For men, total fat intake was associated with increased risk of GERD (OR 1·05 per 5 g/d; 95 % CI 1·01, 1·09; P = 0·016), whereas total carbohydrate (OR 0·89 per 30 g/d; 95 % CI 0·82, 0·98; P = 0·010) and starch intakes (OR 0·84 per 30 g/d; 95 % CI 0·75, 0·94; P = 0·005) were associated with reduced risk. Nutrients were not associated with risk for women. For both sexes, substituting saturated fat for polyunsaturated or monounsaturated fat did not change risk. For both sexes, fish, chicken, cruciferous vegetables and carbonated beverages were associated with increased risk, whereas total fruit and citrus were associated with reduced risk. No association was observed with diet quality scores.
Diet is a possible risk factor for GERD, but food considered as triggers of GERD symptoms might not necessarily contribute to disease development. Potential differential associations for men and women warrant further investigation.
To investigate the influences of dietary riboflavin (RF) addition on nutrient digestion and rumen fermentation, eight rumen cannulated Holstein bulls were randomly allocated into four treatments in a repeated 4 × 4 Latin square design. Daily addition level of RF for each bull in control, low RF, medium RF and high RF was 0, 300, 600 and 900 mg, respectively. Increasing the addition level of RF, DM intake was not affected, average daily gain tended to be increased linearly and feed conversion ratio decreased linearly. Total tract digestibilities of DM, organic matter, crude protein (CP) and neutral-detergent fibre (NDF) increased linearly. Rumen pH decreased quadratically, and total volatile fatty acids (VFA) increased quadratically. Acetate molar percentage and acetate:propionate ratio increased linearly, but propionate molar percentage and ammonia-N content decreased linearly. Rumen effective degradability of DM increased linearly, NDF increased quadratically but CP was unaltered. Activity of cellulase and populations of total bacteria, protozoa, fungi, dominant cellulolytic bacteria, Prevotella ruminicola and Ruminobacter amylophilus increased linearly. Linear increase was observed for urinary total purine derivatives excretion. The data suggested that dietary RF addition was essential for rumen microbial growth, and no further increase in performance and rumen total VFA concentration was observed when increasing RF level from 600 to 900 mg/d in dairy bulls.
Lifestyle interventions are an important and viable approach for preventing cognitive deficits. However, the results of studies on alcohol, coffee and tea consumption in relation to cognitive decline have been divergent, likely due to confounds from dose–response effects. This meta-analysis aimed to find the dose–response relationship between alcohol, coffee or tea consumption and cognitive deficits.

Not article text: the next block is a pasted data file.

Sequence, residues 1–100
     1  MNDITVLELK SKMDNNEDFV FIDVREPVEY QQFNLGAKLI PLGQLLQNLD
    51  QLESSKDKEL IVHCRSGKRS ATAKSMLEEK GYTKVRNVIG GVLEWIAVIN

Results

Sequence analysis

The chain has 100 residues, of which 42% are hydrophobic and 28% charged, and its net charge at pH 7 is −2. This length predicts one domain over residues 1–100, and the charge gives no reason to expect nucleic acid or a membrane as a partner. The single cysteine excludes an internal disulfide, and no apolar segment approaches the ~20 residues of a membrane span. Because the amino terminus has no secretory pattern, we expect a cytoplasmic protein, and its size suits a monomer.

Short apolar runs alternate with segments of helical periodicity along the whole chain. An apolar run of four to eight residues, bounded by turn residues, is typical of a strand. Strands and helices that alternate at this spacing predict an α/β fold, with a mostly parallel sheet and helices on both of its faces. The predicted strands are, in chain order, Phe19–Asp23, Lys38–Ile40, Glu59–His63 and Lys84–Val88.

Prospective cohort studies or nested case-control studies in a cohort investigating the risk factors of cognitive deficits were searched in PubMed, Embase, the Cochrane and Web of Science up to 4th June 2020. Two authors searched the databases and extracted the data independently. We also assessed the quality of the studies with the Newcastle-Ottawa scale. Stata 15.0 software was used to perform model estimation and plot the linear or nonlinear dose–response relationship graphs.
The search identified 29 prospective studies from America, Japan, China and some European countries. The dose–response relationships showed that compared to non-drinkers, low consumption (<11 g/day) of alcohol could reduce the risk of cognitive deficits or only dementias, but there was no significant effect of heavier drinking (>11 g/day). Low consumption of coffee reduced the risk of any cognitive deficit (<2.8 cups/day) or dementia (<2.3 cups/day). Green tea consumption was a significant protective factor for cognitive health (relative risk, 0.94; 95% confidence intervals, 0.92–0.97), with one cup of tea per day brings a 6% reduction in risk of cognitive deficits.
Light consumption of alcohol (<11 g/day) and coffee (<2.8 cups/day) was associated with reduced risk of cognitive deficits. Cognitive benefits of green tea consumption increased with the daily consumption.
The coronavirus disease 2019 (COVID-19) pandemic represents an unprecedented threat to mental health. Herein, we assessed the impact of COVID-19 on subthreshold depressive symptoms and identified potential mitigating factors.
Participants were from Depression Cohort in China (ChiCTR registry number 1900022145). Adults (n = 1722) with subthreshold depressive symptoms were enrolled between March and October 2019 in a 6-month, community-based interventional study that aimed to prevent clinical depression using psychoeducation. A total of 1506 participants completed the study in Shenzhen, China: 726 participants, who completed the study between March 2019 and January 2020 (i.e. before COVID-19), comprised the ‘wave 1’ group; 780 participants, who were enrolled before COVID-19 and completed the 6-month endpoint assessment during COVID-19, comprised ‘wave 2’. Symptoms of depression, anxiety and insomnia were assessed at baseline and endpoint (i.e. 6-month follow-up) using the Patient Health Questionnaire-9 (PHQ-9), Generalised Anxiety Disorder-7 (GAD-7) and Insomnia Severity Index (ISI), respectively. Measures of resilience and regular exercise were assessed at baseline. We compared the mental health outcomes between wave 1 and wave 2 groups. We additionally investigated how mental health outcomes changed across disparate stages of the COVID-19 pandemic in China, i.e. peak (7–13 February), post-peak (14–27 February), remission plateau (28 February−present).